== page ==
Almost everyone has an internal monologue — that little voice inside your head which puts thoughts into words, but words that only you can “hear.” And it’s probably better that no one else can hear these often passing thoughts, as we tend to self-censor before those ideas become words which fly out of or out mouths or pens. Or, in other words: We can’t read each other’s minds — and that’s probably a good thing.
But it may change. Somewhat.
When we think in words, our bodies get ready to speak. At times — particularly when we’re reading, although hardly limited to that event — this manifests itself in something called “subvocalization.” This mental prep manifests in our throats; as the Guardian notes, “inner speech is accompanied by tiny muscular movements in the larynx.” Those muscle movements are the first steps toward turning some of our thoughts into words, and importantly, they happen even if those thoughts are never carried further. If you can hear the words in your head, someone else can also see those very same words in your throat.
This isn’t a new discovery; we’ve known about this for a bit more than a century. Practically, though, there isn’t a lot we can do with these teeny-tiny movements. They’re hardly visible to the naked eye, and monitoring these movements requires that you have all sorts of sensors and doodads placed on your throat. Further, the tiny tremors created in one’s larynx by subvocalization aren’t complete sounds; it would require a lot of data to map these movements to comprehendible words or thoughts.
At least for now. Just ask NASA.
In 2004, the American space agency issued a press release describing their efforts to turn tiny throat movements into recognizable words. First, the space agency created “small, button-sized sensors” to be placed on the necks and under the chins of a willing group of participants. (Here’s a picture.) Then, the test subjects were asked to say, to themselves and only in their minds, a handful of words: “stop,” “go,” “left,” “right,” “alpha” and “omega,” and the numbers “zero” through “nine.” The NASA software recorded the throat movements as those words were thought, creating a database against which it could track future movements. It worked; per the press release, “initial word recognition results were an average of 92 percent accurate.”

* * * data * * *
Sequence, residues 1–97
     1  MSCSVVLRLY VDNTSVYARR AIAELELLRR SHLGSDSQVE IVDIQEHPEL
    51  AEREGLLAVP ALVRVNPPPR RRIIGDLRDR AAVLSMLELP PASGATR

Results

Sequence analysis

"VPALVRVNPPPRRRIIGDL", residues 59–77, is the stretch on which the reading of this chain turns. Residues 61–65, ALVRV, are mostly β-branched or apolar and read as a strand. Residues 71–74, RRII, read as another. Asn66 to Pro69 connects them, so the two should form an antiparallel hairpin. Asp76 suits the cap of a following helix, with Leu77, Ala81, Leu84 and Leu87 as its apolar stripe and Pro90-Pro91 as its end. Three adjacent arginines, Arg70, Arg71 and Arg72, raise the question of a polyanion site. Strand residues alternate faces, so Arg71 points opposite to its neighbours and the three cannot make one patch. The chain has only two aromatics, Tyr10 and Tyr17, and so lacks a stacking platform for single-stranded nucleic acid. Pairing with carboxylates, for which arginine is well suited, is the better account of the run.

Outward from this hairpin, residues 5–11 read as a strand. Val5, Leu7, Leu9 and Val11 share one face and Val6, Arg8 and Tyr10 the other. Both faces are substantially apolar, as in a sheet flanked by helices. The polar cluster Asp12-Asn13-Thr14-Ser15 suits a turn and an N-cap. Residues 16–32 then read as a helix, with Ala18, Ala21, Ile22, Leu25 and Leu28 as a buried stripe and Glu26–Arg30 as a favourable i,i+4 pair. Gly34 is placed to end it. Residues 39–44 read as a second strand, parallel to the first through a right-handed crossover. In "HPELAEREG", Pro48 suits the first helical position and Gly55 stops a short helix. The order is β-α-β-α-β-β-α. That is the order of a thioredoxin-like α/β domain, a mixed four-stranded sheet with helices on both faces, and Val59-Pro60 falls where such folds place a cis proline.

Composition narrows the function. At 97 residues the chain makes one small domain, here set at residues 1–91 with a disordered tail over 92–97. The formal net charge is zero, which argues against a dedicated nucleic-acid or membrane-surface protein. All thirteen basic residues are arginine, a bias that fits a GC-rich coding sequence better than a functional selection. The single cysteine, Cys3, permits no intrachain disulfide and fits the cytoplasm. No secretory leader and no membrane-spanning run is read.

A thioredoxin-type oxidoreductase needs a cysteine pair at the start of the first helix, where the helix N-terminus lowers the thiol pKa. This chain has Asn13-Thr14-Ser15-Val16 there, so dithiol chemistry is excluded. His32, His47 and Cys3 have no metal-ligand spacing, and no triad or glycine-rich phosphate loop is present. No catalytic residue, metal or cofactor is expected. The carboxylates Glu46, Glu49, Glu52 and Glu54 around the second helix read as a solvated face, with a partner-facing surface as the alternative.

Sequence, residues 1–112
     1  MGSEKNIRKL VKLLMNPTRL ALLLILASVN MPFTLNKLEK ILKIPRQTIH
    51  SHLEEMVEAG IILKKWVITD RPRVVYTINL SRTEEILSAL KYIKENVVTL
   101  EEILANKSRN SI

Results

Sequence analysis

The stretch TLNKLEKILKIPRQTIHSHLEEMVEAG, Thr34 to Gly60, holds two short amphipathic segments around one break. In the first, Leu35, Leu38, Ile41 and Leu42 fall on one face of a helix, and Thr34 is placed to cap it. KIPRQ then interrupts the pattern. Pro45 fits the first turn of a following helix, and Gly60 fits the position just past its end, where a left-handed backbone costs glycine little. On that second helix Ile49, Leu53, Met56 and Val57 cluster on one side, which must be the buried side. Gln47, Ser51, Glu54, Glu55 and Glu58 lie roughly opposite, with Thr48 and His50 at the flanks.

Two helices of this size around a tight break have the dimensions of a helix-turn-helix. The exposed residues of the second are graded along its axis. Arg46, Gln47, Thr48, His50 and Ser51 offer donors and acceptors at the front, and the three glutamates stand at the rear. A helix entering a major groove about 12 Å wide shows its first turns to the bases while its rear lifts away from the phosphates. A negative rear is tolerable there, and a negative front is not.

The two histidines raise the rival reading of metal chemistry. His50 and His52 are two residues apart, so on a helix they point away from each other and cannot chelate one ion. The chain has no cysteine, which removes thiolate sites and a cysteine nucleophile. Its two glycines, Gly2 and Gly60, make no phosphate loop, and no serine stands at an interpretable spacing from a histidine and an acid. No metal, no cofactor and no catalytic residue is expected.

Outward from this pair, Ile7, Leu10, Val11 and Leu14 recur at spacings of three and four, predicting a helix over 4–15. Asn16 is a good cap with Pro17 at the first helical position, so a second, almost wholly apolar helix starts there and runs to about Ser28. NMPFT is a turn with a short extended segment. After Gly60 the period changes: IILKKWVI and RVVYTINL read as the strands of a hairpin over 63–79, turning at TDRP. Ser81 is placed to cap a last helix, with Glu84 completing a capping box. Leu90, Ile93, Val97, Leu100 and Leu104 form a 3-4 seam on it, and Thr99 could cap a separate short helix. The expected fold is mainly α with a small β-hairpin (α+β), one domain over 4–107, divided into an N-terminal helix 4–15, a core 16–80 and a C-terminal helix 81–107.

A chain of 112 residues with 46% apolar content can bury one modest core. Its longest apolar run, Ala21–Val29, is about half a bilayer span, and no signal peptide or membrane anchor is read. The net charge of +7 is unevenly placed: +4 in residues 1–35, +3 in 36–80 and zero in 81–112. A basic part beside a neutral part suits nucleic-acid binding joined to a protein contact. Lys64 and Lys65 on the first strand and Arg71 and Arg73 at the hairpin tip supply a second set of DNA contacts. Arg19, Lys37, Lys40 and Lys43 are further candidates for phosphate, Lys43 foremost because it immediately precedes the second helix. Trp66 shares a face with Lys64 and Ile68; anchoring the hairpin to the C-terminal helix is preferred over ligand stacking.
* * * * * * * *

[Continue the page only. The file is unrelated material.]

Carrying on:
The translations are, for the most part, basic, but that is something that further trials should be able to improve upon — you just need to spend more time mapping more and more sounds. The larger leap, for now, is whether we can gather that information from a distance, without having to put sensors on the throats of those whose subvocalizations we aim to detect. NASA, per the same press release, was “testing new, ‘noncontact’ sensors that can read muscle signals even through a layer of clothing.” To date, those haven’t been successful — and that may be for the better.
[McDonald] was starting to feel the strain on her vocal chords, and her ear, nose and throat doctor said I recommend strongly, in fact I’m telling you, to shut down on your one day off. Don’t talk at all. And so she incorporated Mondays as her silent day. And I thought as a pre-emptive strike, I’m going to do the same.
Instead, one day a week, Cranston carried “little notepads and a whiteboard” with him, writing notes instead of speaking. (And yes, one of the notepads had a pre-written explanation as to why he was doing this.)
From the Archives: Alone in the Ocean: What if no one else could hear you speak? That’s the fate of one unique whale, which speaks at a frequency well above the normal range of its species.